Last week I talked about public leadership within the East African Community (EAC).I will now turn over to leadership within the private sector. The EAC will impact greatly on how business will be carried out in this region, which is bubbling with much potential.
This means that business leaders will find themselves operating in a completely new business environment. In this new landscape, innovation is the basic ingredient that will be needed to ensure and sustain success within the business world.
Lack of innovation will mean that business leaders will become relegated to irrelevance and by extension, end up being labeled as failures within their sectors.
This fact will be due to the increased levels of competitiveness which will be the order of the day within the new dispensation that the EAC will bring forth. It will be of no matter for a business entity to be known as Rwandan, Burundian, Kenyan, Tanzanian or Ugandan.
This is due to the fact that we are moving to destroy the colonial boundaries that have so much divided us for the last 200 years. As we move steadily towards this future, we have various brands which have picked this cue quite well and early.
KCB banking group boasts of 200 branches across the region. That is real business leadership. East African Breweries Ltd (EABL) is another case in point.
Right here in Rwanda, Bralirwa has intimated that it intends to spread its wings regionally. Perhaps, in the same vein, Onatracom and Sina Gerard should be following suit.
The School of Banking and Finance (SFB) should seriously consider opening campuses in Bujumbura, Dar –es-salaam, Kampala and Nairobi. By so doing SFB should be renamed East African School of Finance and Banking (EASFB).
I recently had an opportunity to share coffee with a local business leader where I asked him about his views on opportunities and challenges which the EAC will bring to the local business community.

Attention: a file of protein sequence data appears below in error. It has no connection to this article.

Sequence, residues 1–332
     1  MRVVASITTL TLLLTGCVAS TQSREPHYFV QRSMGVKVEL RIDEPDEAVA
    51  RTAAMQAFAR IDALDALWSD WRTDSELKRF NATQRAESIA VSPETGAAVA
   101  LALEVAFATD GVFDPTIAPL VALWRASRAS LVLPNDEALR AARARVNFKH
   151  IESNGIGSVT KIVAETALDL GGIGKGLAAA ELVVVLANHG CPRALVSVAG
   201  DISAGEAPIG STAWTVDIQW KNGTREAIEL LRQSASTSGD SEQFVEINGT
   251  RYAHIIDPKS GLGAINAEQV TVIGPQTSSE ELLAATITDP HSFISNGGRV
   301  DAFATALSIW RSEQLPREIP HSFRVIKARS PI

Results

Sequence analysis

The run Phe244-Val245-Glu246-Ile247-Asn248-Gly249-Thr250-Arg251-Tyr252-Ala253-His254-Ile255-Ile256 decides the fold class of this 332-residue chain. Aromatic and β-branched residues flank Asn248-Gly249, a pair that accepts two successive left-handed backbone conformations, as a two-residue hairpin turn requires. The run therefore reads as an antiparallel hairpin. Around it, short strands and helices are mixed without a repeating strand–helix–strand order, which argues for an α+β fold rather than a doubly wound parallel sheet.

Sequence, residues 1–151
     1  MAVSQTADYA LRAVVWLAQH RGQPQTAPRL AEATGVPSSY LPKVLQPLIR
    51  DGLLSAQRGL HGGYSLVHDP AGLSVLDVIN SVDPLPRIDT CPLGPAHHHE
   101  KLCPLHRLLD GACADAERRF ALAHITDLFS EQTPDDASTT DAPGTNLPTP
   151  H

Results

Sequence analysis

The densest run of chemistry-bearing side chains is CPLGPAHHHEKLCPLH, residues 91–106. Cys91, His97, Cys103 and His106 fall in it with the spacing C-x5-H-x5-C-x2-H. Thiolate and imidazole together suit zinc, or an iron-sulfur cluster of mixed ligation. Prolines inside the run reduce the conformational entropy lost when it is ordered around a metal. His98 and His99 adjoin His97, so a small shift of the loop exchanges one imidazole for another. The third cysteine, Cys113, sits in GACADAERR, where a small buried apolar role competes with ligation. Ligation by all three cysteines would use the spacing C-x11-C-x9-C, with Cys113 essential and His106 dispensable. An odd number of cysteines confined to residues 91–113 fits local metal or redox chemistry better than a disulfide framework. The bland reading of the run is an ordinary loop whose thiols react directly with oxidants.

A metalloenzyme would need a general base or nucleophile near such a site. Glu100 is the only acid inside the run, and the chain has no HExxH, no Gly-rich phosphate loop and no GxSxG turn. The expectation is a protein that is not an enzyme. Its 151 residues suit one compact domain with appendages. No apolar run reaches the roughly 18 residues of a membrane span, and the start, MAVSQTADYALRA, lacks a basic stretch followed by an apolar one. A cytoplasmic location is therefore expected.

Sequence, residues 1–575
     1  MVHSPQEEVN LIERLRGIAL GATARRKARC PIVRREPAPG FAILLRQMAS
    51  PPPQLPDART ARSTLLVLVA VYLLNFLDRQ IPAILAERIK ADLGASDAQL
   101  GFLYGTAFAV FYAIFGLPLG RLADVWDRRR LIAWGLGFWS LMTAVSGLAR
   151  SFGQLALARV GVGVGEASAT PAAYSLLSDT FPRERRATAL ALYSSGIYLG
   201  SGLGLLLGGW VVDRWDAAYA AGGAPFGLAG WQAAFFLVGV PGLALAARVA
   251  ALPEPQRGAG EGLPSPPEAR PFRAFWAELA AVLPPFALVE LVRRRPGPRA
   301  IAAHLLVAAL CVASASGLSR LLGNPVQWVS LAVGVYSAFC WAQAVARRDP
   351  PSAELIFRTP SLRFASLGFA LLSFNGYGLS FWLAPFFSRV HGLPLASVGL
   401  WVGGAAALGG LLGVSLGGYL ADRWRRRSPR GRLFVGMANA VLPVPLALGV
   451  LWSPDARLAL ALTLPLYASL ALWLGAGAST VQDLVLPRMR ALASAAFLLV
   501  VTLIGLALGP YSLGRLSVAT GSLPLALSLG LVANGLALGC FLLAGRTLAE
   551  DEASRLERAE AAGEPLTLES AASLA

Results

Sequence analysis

This is what he said, “the successful EAC local business leader will be one who will be able to see opportunities that others will not be able to see. Such local business leaders will have to make re-adjustments and decisions that are not considered to be current business norms here in Rwanda----decisions that others will be unable to make for quite some time for the purposes of registering a return to investments made in the future.
This statement rang a bell in my mind regarding those firms that are labeled as being East Africa’s most respected companies. Safaricom Ltd must have heeded such principles.
I guess they will continue doing just that in the foreseeable future. I will only point out one innovation that has enabled them to stay far ahead of their peers in the telecoms industry; their famed mobile money transfer product M- Pesa- a product that has enabled thousands of Kenyans to bridge the gap between telecoms and banking. M Pesa will enable Safaricom to soar to new heights in the coming years.
What I can say, with some hindsight, is that the combination of outstanding leaders, both public and private, is what will most likely deliver the EAC political federation. In short the symbiosis between such exemplary leaders within both public and private sectors will be very invaluable in delivering East Africans to the Promised Land.
The author is a journalist with The New Times